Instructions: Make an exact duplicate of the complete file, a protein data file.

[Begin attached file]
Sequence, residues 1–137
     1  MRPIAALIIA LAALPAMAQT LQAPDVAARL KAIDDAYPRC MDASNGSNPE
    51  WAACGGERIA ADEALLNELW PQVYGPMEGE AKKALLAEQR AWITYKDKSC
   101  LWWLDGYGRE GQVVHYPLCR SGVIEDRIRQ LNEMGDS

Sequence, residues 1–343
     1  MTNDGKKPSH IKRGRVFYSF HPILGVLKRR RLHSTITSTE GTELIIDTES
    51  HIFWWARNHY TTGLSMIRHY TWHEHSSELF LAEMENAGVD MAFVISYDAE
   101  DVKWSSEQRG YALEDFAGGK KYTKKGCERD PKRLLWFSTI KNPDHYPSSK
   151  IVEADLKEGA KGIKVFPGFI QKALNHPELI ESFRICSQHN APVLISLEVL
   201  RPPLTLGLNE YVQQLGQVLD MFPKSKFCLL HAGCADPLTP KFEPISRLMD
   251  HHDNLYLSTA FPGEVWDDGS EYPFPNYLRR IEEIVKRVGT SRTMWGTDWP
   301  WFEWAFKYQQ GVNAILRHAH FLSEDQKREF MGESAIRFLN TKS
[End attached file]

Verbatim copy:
Sequence, residues 1–137
     1  MRPIAALIIA LAALPAMAQT LQAPDVAARL KAIDDAYPRC MDASNGSNPE
    51  WAACGGERIA ADEALLNELW PQVYGPMEGE AKKALLAEQR AWITYKDKSC
   101  LWWLDGYGRE GQVVHYPLCR SGVIEDRIRQ LNEMGDS

Sequence, residues 1–343
     1  MTNDGKKPSH IKRGRVFYSF HPILGVLKRR RLHSTITSTE GTELIIDTES
    51  HIFWWARNHY TTGLSMIRHY TWHEHSSELF LAEMENAGVD MAFVISYDAE
   101  DVKWSSEQRG YALEDFAGGK KYTKKGCERD PKRLLWFSTI KNPDHYPSSK
   151  IVEADLKEGA KGIKVFPGFI QKALNHPELI ESFRICSQHN APVLISLEVL
   201  RPPLTLGLNE YVQQLGQVLD MFPKSKFCLL HAGCADPLTP KFEPISRLMD
   251  HHDNLYLSTA FPGEVWDDGS EYPFPNYLRR IEEIVKRVGT SRTMWGTDWP
   301  WFEWAFKYQQ GVNAILRHAH FLSEDQKREF MGESAIRFLN TKS